Zucchini, Tomato and Ricotta Tarts

This isn’t the first time I’m telling you this, and it probably won’t be the last, but I totally stink at feeding myself lunch. Every day 11 am rolls around and I start searching the fridge and pantry trying to piece something together that resembles a healthy meal. Shane frequently reminds me that a bowl of popcorn is not a sufficient lunch, but that’s exactly what I end up eating sometimes. I can assuage any guilt I might feel about it by adding a piece of fruit on the side ๐Ÿ™‚ Breakfast and dinner are rarely a struggle but for some reason, I just can’t get my act together on lunch.

Some days are easier than others, especially when I’m not too busy and can spend a little time putting together a recipe.ย  It’s even better when that recipe only makes enough food to feed me for one or two days because while I do enjoy leftovers, I need variety in my lunches.ย  Eating the same thing for an entire week is not going to cut it.

Zucchini, Tomato and Ricotta Tarts

Zucchini, Tomato and Ricotta Tarts

These colorful tarts were the cover shot on a magazine I picked up recently, and I was in the kitchen making them for lunch the first afternoon I had the time. The magazine features recipes that have been scaled back to feed two people, which is not only perfect for our small family, but also great for lunch ideas for me. There’s an entire section of vegetarian dishes that Shane would never touch, but they’re the ideal solution to my lunch dilemma. I loved so many things about these zucchini, tomato and ricotta tarts. The ingredient list is pretty short and utilizes the fresh produce available right now. You can make the tart shells ahead of time, which helps get lunch on the table faster. This recipe yields just two 4-inch tarts; I had one the same day I made them and ate the second the following day. The buttery crust is sturdy so it doesn’t get soggy and it is fantastic in combination with the creamy cheese filling and the fresh veggies. They’re so pretty I could see serving the tarts as part of a lunch spread too. For now, though, I’m just glad to have one more lunch idea to keep things interesting around here.

Zucchini, Tomato and Ricotta Tarts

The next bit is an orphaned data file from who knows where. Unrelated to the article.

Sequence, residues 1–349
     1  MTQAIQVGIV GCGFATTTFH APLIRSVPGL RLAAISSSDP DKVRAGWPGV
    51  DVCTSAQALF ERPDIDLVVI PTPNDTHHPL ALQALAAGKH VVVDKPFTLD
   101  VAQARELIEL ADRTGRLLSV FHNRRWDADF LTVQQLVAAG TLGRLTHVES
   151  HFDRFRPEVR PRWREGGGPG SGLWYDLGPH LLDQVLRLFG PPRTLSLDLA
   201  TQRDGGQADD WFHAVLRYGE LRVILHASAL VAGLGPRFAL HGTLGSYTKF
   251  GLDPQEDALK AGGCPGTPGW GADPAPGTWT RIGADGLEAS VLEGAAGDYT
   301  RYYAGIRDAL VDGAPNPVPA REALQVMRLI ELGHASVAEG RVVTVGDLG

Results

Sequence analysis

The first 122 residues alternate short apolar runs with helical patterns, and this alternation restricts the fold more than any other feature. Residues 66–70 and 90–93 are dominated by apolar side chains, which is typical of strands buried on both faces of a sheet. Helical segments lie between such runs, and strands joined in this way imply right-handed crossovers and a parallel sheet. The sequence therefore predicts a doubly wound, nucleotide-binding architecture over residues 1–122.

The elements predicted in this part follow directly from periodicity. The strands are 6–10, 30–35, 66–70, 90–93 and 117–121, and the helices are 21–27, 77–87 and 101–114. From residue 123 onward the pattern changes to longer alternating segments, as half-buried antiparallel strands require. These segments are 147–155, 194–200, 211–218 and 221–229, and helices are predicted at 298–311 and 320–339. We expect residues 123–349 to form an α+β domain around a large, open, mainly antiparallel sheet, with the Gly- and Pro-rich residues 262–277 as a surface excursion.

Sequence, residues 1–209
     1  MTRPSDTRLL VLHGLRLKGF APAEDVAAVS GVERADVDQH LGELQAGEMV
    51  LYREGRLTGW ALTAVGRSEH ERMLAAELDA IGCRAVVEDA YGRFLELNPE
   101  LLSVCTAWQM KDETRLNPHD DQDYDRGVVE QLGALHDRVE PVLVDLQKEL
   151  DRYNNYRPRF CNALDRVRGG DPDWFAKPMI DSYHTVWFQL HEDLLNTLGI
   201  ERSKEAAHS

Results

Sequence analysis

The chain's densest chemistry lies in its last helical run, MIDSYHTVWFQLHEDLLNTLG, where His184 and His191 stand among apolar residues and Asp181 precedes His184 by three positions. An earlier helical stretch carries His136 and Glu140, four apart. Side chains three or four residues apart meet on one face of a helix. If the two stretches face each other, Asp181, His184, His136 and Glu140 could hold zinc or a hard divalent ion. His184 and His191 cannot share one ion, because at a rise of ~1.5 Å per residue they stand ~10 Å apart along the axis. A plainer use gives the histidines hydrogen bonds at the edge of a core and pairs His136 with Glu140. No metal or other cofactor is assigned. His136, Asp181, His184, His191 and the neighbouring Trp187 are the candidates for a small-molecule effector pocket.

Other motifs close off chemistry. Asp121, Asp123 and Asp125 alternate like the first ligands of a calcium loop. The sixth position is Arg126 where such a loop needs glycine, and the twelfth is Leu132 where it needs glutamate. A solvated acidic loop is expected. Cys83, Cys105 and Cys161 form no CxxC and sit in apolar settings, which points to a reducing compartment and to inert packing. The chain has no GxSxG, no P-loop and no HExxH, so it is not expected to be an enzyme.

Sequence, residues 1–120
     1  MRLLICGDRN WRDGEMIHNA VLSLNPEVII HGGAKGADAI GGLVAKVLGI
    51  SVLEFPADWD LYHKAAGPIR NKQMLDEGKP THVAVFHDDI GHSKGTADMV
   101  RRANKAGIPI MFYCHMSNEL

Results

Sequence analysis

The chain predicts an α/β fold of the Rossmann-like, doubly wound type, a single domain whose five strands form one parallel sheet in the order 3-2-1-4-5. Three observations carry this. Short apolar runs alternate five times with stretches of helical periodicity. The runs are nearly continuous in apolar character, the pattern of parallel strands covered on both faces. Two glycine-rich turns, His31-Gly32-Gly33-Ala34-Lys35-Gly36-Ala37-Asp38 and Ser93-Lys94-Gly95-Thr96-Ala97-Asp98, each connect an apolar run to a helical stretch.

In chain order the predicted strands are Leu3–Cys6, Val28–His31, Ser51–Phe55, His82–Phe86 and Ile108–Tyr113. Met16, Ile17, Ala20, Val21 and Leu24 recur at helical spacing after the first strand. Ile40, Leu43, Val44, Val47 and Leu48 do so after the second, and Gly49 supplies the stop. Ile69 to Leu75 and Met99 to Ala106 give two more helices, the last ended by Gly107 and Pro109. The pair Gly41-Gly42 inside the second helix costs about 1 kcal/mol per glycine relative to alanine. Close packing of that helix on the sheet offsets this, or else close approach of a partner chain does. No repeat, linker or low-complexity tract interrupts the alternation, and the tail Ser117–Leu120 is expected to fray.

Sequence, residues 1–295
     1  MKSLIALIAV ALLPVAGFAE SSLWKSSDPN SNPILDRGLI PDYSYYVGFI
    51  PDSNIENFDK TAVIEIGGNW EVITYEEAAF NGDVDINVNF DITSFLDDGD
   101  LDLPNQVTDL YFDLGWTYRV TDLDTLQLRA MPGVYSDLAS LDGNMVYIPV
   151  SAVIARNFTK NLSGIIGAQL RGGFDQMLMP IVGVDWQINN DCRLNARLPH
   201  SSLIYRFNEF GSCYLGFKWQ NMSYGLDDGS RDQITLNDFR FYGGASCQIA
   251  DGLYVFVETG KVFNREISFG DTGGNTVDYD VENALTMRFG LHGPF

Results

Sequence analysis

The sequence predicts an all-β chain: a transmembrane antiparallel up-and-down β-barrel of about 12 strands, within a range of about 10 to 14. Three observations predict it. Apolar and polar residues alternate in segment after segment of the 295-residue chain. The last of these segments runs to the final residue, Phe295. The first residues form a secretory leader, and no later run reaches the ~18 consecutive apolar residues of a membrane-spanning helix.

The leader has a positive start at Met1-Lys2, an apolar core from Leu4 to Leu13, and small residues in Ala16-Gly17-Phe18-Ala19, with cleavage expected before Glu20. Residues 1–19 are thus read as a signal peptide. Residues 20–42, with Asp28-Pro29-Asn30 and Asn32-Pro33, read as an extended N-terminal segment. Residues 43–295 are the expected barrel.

Zucchini, Tomato and Ricotta Tarts
from America’s Test Kitchen Cooking for Two

Tart Shells
1/2 cup plus 2 tablespoons (3 1/8 oz) all-purpose flour
1 1/2 teaspoons sugar
1/4 teaspoon salt
4 tablespoons (1/2 stick) cold unsalted butter, cut into 1/2-inch pieces
1-2 tablespoons ice water

9 cherry tomatoes
1/2 small zucchini (about 3 oz), halved lengthwise and sliced 1/8-inch thick
2 tablespoons extra-virgin olive oil
1 garlic clove, minced
2 oz (about 1/4 cup) ricotta (not non-fat)
2 tablespoons shredded mozzarella cheese
1 tablespoon chopped fresh basil

To make the tart shells: Add the flour, sugar, and salt to the bowl of a food processor and pulse to combine. Add the cold pieces of butter and pulse until the mixture resembles coarse sand, about 15 pulses. Sprinkle 1 tablespoon of the ice water over the mixture and process until the dough begins to form large clumps, about 5 seconds. If the dough doesn’t clump, add the second tablespoon of water and pulse to incorporate.

Spray two 4-inch pans with nonstick cooking spray. Divide the dough in half and press evenly over the bottom and up the sides of each tart pan. Cover with plastic wrap and freeze until the dough is firm, about 30 minutes (or up to 1 day).

Preheat oven to 350 F. Remove the tart shells from the freezer. Line each with a piece of aluminum foil that’s been sprayed with nonstick cooking spray. Fill the shells with pie weights and bake for 35-45 minutes, or until the edges begin to brown and the surface no longer looks wet. Remove the foil and weights from the shells and bake another 5-10 minutes, until the shells are golden. Transfer to a wire rack and let cool completely.

To make the filling: Slice 7 of the tomatoes into 1/8-inch thick rounds (about 5 per tomato). Quarter the remaining 2 tomatoes. Toss the tomatoes with 1/4 teaspoon salt and spread on paper towels. Toss the zucchini with 1/4 teaspoon salt spread it on paper towels as well. Set aside from 30 minutes to draw out some of the water; blot dry before using.

Meanwhile, preheat oven to 425 F. In a small bowl combine the 1 tablespoon of the olive oil and the garlic. In a second bowl, stir together the remaining tablespoon of oil, ricotta and mozzarella and season to taste with salt and pepper.

Spread half of the ricotta mixture into an even layer over the bottom of each tart shell. Working around the outer edge, layer alternating layers of tomato and zucchini slices. Place the quartered tomatoes in the center of the tarts. Drizzle the garlic-oil mixture over the vegetables.

Bake the tarts on a rimmed baking sheet for 20-25 minutes, or until the cheese is bubbling and the vegetables are slightly wilted. Remove the baking sheet to a wire rack and let tarts cool for 20 minutes. Sprinkle with the fresh basil before serving.

Makes two 4-inch tarts

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